Paintings and Objects

The sublime qualities of a great painting reveal themselves in many ways be it the brush strokes (Van Gogh’s are insanely patterned) the subject (the “Mona Lisa” continues to draw publicity) the psychology (Vermeer’s “Girl with a Pearl Earring” inspired a novel) or the time period in which the painting was created (Picasso in all his periods). I find it difficult to look at a great many paintings because there is just so much to see.

Objects, and I am thinking primarily of furniture, have two basic premises, function and beauty. The furniture trade, which had thousands of practitioners in the 18th century in England was capable of fulfilling those premises and as early as 1720 was out-exporting furniture to every European country save for France by a minimum of at least five times. In other words, for every five chairs that were exported, they only imported one. it is an impressive testament to art as craft and craft as art.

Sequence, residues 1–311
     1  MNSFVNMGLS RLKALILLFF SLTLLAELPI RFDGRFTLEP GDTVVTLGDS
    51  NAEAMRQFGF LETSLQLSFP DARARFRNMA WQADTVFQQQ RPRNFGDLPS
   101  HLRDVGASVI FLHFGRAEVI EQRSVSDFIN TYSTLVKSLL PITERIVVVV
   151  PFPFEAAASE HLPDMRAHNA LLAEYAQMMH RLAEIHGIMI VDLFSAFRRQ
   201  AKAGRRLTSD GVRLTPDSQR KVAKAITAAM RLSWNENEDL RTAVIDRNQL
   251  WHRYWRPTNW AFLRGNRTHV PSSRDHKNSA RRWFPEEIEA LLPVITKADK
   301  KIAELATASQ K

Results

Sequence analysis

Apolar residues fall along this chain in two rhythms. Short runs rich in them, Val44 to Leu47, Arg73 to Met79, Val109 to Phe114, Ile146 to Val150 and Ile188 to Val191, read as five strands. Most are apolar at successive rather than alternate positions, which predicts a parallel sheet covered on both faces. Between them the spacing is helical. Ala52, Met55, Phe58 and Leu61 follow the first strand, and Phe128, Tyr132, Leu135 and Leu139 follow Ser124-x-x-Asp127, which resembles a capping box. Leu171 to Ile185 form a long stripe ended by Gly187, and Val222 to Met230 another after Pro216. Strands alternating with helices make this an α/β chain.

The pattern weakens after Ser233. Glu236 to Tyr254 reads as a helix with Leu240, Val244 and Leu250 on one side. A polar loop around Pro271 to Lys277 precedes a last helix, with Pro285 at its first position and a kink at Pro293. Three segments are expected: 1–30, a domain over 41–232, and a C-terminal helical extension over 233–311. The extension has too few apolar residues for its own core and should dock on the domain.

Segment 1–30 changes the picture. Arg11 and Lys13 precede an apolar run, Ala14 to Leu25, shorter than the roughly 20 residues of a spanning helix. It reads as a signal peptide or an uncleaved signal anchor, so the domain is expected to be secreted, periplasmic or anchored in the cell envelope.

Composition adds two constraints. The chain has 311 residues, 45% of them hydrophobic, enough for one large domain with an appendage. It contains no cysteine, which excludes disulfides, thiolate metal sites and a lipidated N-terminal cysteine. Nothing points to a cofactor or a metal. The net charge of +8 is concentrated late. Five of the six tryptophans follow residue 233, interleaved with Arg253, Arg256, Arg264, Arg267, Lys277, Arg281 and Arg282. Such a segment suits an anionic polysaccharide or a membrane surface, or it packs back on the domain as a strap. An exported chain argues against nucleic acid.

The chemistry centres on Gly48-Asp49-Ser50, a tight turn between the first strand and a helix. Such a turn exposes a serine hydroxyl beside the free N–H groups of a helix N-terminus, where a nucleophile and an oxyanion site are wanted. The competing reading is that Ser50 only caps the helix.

It is the survival of objects that helps make them something other than just functional items. Objects get loved and they get ignored, but when they survive, they say something. I have been told about good furniture that has been thrown in the trash. It almost never stays there because people walking by it just can’t leave it there. The same has happened to paintings and I even though I suspect some masterpieces have been destroyed, it is a testimony to mankind that we seldom let that happen.

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